I don't worry about convincing people that its a great game. They can try it and like it… or don't and go back to the game you think is better… I don't care anymore. It's too much effort to play salesman for new games. If the game is fun, peole will play it, if people play it, more people will play because there are a lot of sheep in wargaming circles so if everyone else is playing it, so will they. If you are having fun with warfare, that the major thing… if you are not having fun then there's no point in playing. I personally think its one the best games I have ever played and a game that plays close almost every time, often hinging on that one crucial moment where fortunes are won or lost… just like in the real world. The reality is a spectator can find fault in any game if they want to… no game is perfect, warfare included. We all have our biases. Someone can watch a game of warfare and call it unbalanced and then go play a game of 40k where only a handful of internet approved army lists even stand a chance of competitively winning and say "6th ed is soo amazing". Its all biased… just like after 15 years of GW games I am now biased against them, I read 6th ed 40k and thought, "what a bunch of recycled apocalypse and fantasy horsecrap"… I am also clearly biased as you can see.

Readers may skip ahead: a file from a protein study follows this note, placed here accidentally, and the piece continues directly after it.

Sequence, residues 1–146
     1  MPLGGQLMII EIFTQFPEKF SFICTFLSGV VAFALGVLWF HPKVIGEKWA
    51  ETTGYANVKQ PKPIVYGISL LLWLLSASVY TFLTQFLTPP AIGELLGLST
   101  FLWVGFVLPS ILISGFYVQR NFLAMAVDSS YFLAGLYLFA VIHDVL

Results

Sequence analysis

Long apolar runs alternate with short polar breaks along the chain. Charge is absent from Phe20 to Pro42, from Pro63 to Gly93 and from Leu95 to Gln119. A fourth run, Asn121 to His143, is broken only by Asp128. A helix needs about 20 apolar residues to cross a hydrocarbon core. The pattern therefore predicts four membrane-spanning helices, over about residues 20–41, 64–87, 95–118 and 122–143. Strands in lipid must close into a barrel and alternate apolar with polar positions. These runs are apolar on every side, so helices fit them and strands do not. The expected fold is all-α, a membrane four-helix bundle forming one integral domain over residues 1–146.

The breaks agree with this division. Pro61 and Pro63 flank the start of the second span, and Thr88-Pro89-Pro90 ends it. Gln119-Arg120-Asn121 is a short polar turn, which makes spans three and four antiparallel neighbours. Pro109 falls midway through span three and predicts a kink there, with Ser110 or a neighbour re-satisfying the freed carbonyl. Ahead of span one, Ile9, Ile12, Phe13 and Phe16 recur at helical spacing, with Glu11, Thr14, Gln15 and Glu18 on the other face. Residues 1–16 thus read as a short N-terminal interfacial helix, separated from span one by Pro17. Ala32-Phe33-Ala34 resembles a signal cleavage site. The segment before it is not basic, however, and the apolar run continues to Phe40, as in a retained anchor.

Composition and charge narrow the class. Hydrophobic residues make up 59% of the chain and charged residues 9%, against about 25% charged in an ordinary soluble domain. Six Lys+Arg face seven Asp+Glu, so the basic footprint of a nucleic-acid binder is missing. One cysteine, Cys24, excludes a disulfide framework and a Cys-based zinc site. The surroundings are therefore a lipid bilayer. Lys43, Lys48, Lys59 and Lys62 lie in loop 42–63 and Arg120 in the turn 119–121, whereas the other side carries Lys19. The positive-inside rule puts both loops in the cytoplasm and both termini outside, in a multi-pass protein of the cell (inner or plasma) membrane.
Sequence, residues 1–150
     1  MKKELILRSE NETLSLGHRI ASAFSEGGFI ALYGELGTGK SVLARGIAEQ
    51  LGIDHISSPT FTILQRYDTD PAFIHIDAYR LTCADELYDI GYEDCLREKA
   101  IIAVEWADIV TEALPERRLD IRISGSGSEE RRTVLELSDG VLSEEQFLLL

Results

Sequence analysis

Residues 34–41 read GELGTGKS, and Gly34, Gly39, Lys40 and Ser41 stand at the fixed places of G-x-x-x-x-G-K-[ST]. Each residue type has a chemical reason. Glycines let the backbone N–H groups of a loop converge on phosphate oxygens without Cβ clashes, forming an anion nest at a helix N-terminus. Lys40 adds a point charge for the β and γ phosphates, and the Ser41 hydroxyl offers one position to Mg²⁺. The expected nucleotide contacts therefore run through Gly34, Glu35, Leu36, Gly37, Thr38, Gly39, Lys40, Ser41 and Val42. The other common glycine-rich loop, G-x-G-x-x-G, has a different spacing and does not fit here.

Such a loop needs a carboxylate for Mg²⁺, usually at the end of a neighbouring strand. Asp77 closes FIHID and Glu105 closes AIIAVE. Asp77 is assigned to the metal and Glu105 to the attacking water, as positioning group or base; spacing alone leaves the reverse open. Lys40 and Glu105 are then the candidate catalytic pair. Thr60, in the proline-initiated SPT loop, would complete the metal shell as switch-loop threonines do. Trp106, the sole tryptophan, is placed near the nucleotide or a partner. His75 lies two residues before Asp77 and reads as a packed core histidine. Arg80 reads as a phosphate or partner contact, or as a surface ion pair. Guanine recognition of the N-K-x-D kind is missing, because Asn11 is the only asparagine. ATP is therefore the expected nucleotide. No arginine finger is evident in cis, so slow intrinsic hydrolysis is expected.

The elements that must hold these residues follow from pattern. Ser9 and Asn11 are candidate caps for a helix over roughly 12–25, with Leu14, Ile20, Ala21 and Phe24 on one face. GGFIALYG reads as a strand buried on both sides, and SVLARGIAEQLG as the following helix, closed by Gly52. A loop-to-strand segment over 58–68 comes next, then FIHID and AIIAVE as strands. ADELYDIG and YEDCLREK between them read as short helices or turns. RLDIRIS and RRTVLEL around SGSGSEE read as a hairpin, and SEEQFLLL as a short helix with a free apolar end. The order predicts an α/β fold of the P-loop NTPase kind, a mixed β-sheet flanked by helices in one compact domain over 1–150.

#14 blkdymnd

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Posted 06 August 2012 - 07:56 AM

 ^^ what he said.  I agree on all points.  Get a bunch of games in and you'll see there's little advantage going first.



#15 Trasvi

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Posted 06 August 2012 - 08:42 PM

 Coming back to this after a few more games, and I'm beginning to see the light. I think the major thing was coming to Dust from a GW games perspective, where there is never really any sense of cooperative firepower between units. Now in Dust Warfare I say to everyone: "Suppression is REALLY IMPORTANT. More important than causing casualties." If someone screws up, I can say 'they should have had covering fire' or something similar.